Converts, Wed, Jan 30 2013 #(316)

Jan 30, 2013

Dear Prof. Dawkins and Converts' Corner,

Even as a 2nd-grader, I became acutely aware of inaccuracies and inconsistencies in what was being preached from the pulpit: In striving to look up scripture as it was called upon during a sermon (with my mom's help, of course), I frequently found the preacher to be quoting out of context (i.e., the Genesis story of Lot as being AGAINST incest). I noticed no one was raising their hand to clarify this and thought this odd, so I doubted my own sense of what was meant. As I grew, I became more confident when I saw this happen and whispered to my mom, “Mom, that's not what this says! Should I raise my hand now or wait 'til after?” I was encouraged to not be a “boat-rocker”. That these observations were laudable at my school yet berated at my church confused and angered me as a child. However, with going to church 3x/week and the obligatory summertime Vacation Bible Schools and Bible Camps, I succumbed and was baptized at age 13.

I continued to find the logic of 'believers' to be confusing most of the time and began to distance myself from the Church, becoming more-or-less agnostic as a college student. What I've continued to see as most puzzling as an adult is that a belief in God, held by those I've respected as thoughtful, rigorous scientists (and fellow medical students), be held as “true” (or even “probable” or “likely”) by a completely different standard than a belief in other tenets of what we accept as reality. I am even more puzzled when discussion of this topic with colleagues is frequently met with emotional (and frequently angry) retort to my questions and often so in the employ of logical fallacies. If I further attempt to explore the logic of their argument, I've found this apparently invites (?) a stance of defensive indignation on the part of the 'believer'. I wonder if a conversation with a Debate Expert who happens to believe in God would be more enlightening.

A good friend gave me The God Delusion for Christmas and it was in reading this book and following up on many of its References (my initial impression of most Non-Fiction literature/scientific articles is by the quality of their respective Reference sections, as you might imagine from my background:) that I moved along the continuum from Agnostic to Non-Theist. I subsequently passed this book on to my mother in Texas, who has been increasingly open-minded about social issues over the years despite 1. Our similar backgrounds, 2. The continuing fundamentalist stance of our family members, her neighbors and co-workers and 3. Her husband. She now appears to be moving along a continuum from 'Believer' to 'Non-Believer' but this has been a much more emotional experience for her, as she cites feelings of anger, confusion and betrayal in reaction to “realizing [her] foundation is no longer there”. I think our hours-long phone conversations are a catharsis for her and she frequently cries while stating how much more sense the world makes to her without the glasses of religious faith.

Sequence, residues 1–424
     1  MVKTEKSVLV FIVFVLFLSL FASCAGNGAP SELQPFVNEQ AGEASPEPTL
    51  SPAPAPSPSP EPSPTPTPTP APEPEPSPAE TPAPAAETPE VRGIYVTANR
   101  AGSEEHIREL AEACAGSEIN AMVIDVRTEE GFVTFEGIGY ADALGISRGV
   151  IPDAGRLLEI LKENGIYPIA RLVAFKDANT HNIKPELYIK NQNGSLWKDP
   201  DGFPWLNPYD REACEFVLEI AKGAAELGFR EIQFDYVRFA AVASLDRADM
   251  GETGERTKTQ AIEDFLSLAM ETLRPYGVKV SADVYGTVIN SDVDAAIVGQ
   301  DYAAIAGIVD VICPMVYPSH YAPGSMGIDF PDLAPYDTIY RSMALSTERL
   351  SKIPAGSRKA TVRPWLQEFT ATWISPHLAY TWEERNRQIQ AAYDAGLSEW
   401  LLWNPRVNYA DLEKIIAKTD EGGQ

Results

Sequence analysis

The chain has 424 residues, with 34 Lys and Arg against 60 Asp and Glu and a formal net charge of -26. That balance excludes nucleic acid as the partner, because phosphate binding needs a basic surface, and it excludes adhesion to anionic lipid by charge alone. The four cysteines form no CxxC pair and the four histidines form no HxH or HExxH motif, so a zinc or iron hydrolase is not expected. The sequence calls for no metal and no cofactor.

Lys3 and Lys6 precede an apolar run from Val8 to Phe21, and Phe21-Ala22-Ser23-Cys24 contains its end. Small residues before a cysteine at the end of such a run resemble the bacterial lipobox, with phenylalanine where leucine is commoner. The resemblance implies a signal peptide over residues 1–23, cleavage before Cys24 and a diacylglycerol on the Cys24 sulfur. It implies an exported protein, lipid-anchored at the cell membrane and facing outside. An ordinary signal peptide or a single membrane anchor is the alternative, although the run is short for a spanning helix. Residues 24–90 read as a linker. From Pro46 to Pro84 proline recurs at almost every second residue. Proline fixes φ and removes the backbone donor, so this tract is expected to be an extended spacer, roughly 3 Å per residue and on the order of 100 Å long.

I remember discussing my thoughts with my mom when I was reading The God Delusion when she said, “So, would you have us run this country without God, then!?” This was a confusing question to me, since I would have to suppose God existed before I could address the question of consulting him on 'running the country'. This two-part response was met with my mother's frustration that I couldn't 'Just Answer the Question'. (BTW-Mom says she's ok with my including these recollections here, just a disclaimer:)

After attending your talk at Kepler's yesterday, you encouraged me to write to Converts' Corner, which I thought to be a splendid idea (and quite a cathartic one as well!). I have no reason to think I'll see my 'Convert Story' posted, of course, I'm just so glad to have the forum to get this all down. Thank you Dr. Dawkins for your all of your hard work, for creating this space and for your encouragement. You continue to be an inspiration to so many of us.

Again, many thanks to you, sir. Take care.

Best regards,

Diana
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